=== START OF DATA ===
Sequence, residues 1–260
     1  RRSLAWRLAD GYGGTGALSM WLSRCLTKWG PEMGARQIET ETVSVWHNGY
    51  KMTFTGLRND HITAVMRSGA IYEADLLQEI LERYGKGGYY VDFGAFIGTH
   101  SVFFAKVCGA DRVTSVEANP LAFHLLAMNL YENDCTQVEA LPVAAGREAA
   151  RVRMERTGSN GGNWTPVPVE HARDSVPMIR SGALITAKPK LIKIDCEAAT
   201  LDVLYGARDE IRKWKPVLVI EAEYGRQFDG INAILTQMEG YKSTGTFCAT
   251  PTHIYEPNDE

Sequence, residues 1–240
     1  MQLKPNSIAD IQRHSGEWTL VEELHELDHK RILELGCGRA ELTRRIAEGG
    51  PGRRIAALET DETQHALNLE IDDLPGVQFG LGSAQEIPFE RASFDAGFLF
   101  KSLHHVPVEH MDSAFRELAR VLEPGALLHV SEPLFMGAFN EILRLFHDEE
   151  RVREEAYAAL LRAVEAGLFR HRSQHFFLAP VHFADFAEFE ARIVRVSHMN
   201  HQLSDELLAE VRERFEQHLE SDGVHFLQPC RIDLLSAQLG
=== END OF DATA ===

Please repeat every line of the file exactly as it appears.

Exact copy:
Sequence, residues 1–260
     1  RRSLAWRLAD GYGGTGALSM WLSRCLTKWG PEMGARQIET ETVSVWHNGY
    51  KMTFTGLRND HITAVMRSGA IYEADLLQEI LERYGKGGYY VDFGAFIGTH
   101  SVFFAKVCGA DRVTSVEANP LAFHLLAMNL YENDCTQVEA LPVAAGREAA
   151  RVRMERTGSN GGNWTPVPVE HARDSVPMIR SGALITAKPK LIKIDCEAAT
   201  LDVLYGARDE IRKWKPVLVI EAEYGRQFDG INAILTQMEG YKSTGTFCAT
   251  PTHIYEPNDE

Sequence, residues 1–240
     1  MQLKPNSIAD IQRHSGEWTL VEELHELDHK RILELGCGRA ELTRRIAEGG
    51  PGRRIAALET DETQHALNLE IDDLPGVQFG LGSAQEIPFE RASFDAGFLF
   101  KSLHHVPVEH MDSAFRELAR VLEPGALLHV SEPLFMGAFN EILRLFHDEE
   151  RVREEAYAAL LRAVEAGLFR HRSQHFFLAP VHFADFAEFE ARIVRVSHMN
   201  HQLSDELLAE VRERFEQHLE SDGVHFLQPC RIDLLSAQLG